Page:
With Long’s free agency pickup, his spring training hype and a very shuffled 2021 season with games at four levels, it’s hard to get a read on Long.  He’s got major league stuff, and as a starter, he might be a top 10 guy.  But the Giants keep using him in the bullpen, so he may not get the time to stretch out to be a starter that the Giants desperately could use in their farm system.

#13 – Ricardo Genovés

Genovés announced his presence in San Jose by having one of the best first months of the season, showing off his power from behind the plate.  He earned a promotion to High-A Eugene, which has given him more of a challenge, but his prospect status is for real.  The biggest question is if he’ll stick behind the plate with his big body, but if he does, he’s an strong catching prospect.

#14 – Patrick Bailey

Boy, it’s been a tough first season for Bailey.  He started the season in Eugene, but really struggled to hit and showed a problem with strikeouts.  A move down the ladder to San Jose has reinforced those strikeout problems a bit, although coming back off of an IL stint, he has, at least briefly, shown his power potential again.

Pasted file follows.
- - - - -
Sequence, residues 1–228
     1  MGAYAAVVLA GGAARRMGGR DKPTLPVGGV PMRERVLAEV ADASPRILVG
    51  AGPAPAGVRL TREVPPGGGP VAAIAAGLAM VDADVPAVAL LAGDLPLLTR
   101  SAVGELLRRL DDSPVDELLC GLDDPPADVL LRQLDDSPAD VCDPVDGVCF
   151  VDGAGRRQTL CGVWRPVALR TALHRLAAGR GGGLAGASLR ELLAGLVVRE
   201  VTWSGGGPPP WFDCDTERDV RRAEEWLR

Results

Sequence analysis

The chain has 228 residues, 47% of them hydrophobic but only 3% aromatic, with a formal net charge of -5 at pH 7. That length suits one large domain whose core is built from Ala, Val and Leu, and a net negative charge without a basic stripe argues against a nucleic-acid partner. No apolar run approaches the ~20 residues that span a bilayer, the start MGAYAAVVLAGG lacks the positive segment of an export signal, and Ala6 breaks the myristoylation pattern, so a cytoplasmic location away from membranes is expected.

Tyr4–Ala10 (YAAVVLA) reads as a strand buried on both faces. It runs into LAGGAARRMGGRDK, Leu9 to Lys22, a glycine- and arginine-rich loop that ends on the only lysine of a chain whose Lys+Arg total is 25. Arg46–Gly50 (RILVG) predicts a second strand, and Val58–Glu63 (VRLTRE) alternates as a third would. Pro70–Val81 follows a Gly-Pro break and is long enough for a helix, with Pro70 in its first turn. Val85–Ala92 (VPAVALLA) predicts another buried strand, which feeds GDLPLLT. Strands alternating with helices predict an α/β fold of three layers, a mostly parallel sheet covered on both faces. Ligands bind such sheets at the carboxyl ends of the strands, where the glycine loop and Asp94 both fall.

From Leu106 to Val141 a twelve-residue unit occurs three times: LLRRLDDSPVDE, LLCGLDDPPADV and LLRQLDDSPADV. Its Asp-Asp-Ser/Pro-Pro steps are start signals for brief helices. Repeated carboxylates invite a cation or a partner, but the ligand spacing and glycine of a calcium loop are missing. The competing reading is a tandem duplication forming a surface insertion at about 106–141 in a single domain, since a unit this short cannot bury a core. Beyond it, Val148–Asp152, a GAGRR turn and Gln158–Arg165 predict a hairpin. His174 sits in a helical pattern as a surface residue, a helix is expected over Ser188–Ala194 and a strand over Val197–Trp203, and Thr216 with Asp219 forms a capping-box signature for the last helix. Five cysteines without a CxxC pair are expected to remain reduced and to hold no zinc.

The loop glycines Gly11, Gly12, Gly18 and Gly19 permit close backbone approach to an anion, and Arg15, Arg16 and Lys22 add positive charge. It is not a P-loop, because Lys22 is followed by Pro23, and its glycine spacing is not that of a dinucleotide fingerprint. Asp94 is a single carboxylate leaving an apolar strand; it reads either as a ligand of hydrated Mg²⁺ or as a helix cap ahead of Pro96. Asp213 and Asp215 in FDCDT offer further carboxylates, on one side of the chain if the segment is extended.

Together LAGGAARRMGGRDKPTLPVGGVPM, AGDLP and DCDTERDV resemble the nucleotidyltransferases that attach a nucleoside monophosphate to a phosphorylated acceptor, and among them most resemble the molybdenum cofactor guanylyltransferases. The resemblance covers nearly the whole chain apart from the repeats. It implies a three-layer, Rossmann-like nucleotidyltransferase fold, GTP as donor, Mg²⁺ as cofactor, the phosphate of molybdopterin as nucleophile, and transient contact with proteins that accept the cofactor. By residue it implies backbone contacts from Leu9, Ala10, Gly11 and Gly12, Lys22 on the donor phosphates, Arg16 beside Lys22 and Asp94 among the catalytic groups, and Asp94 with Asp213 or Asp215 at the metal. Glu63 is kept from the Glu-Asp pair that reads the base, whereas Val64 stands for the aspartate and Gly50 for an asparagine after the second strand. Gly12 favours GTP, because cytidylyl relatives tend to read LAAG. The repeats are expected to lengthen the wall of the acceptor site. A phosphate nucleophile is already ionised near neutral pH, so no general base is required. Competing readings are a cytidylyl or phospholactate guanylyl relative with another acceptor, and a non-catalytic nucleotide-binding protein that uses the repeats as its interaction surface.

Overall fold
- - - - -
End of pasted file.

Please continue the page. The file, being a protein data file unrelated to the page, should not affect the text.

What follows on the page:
#15 – Luis Toribio

Toribio came into 2021 touted as one of the best pure hitters in the system, but it’s been a rough start for him in 2021.  Challenges in a first pro season is obviously a thing, and he shouldn’t be discounted, but combining those rough hitting stats with an unclear defensive home, as he’s struggled at third, and that knocked Toribio down the rankings a little, at least for now.

#16 – Casey Schmitt

Schmitt was ice cold to start the season, and he’s been trying to overcome things ever since.  We’re still waiting to see if Schmitt can develop the power that got him an early draft pick, but there’s been no question about his defense at third.  That keeps Schmitt higher on the rankings than his offense might say.

#17 – Brett Auerbach